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04 Feb 10. Strathclyde Police to trial Tasers among beat officers. Strathclyde Police is to become the first force in Scotland to issue Taser stun guns to beat officers. The pilot project will run from March to September and involve 30 officers in Glasgow and South Lanarkshire. The programme will be discussed at a meeting of Strathclyde Police Authority on Thursday. Taser guns can deliver a 50,000 volt electrical charge and are designed to incapacitate rather than cause serious injury to a person. Strathclyde Police, along with other UK forces, introduced Taser guns in 2005 for use by authorised firearms officers. The pilot project, costing £45,559, will extend this to beat officers serving in Glasgow city centre and Rutherglen and Cambuslang. These sub divisions have been chosen as they currently experience a higher number of police assaults compared with other areas. Officers who have been nominated for the project will undertake a three day training course before being issued with the weapons during “operational duties”. (Source: BBC)

13 May 10. FLIR Systems, Inc. released today electro-optic/infrared (EO/IR) footage from recent environmental disasters including the Icelandic volcano Eyjafjallajokull, and the Gulf of Mexico oil spill. Footage and additional images can be viewed at http://www.gs.flir.com/disaster/.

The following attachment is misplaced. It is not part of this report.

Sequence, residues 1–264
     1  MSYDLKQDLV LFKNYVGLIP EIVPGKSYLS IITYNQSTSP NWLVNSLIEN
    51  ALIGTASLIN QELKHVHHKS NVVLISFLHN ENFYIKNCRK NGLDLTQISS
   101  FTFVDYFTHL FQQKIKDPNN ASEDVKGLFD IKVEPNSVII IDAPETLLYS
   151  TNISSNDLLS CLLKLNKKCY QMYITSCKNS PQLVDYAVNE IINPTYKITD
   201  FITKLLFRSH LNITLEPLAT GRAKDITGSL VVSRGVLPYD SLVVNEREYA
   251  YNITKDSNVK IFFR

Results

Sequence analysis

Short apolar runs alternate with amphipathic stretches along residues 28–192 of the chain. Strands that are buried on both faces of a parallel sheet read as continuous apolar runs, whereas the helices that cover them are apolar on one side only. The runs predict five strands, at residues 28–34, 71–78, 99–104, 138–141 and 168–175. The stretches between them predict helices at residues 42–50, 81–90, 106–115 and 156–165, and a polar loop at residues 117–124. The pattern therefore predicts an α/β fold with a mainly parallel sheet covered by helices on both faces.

Recording the footage was the Star SAFIRE® HD from the company’s Pilatus PC-12. The Star SAFIRE HD is the world’s first and only all-digital, all-high definition (HD) EO/IR surveillance system. The system serves as the eyes for aircraft in reconnaissance, search-and-rescue, law enforcement and environmental protection missions for governments, militaries and defense communities across the globe. It was designed to record high-quality footage day or night, in some of the harshest environments around the world.
“This footage demonstrates FLIR’s ability to aid in a variety of missions, allowing first-responders to have eyes looking into the middle of the disaster,” said William A. Sundermeier, president of FLIR Government Systems. “The same technologies that are currently protecting our soldiers in Iraq and Afghanistan are equally effective in these global disasters, by enhancing the understanding and reaction time during the most unforeseen circumstances.”
“Although these systems provide breathtaking daylight color images, real-world rescues and crisis response operations usually take place at night or in adverse weather conditions,” continued Sundermeier. “We weigh this heavily when developing our technology to ensure crisp and clear images at night when EO/IR systems are most imperative.”
The footage that was recorded off the Gulf Coast was utilized by the U.S. Coast Guard to more thoroughly evaluate the severity of the spill. FLIR began collaborating with the Coast Guard in 1984, and today their systems are on USCG helicopters, aircraft and ships, and are widely used within the Department of Homeland Security and other agencies around the world.

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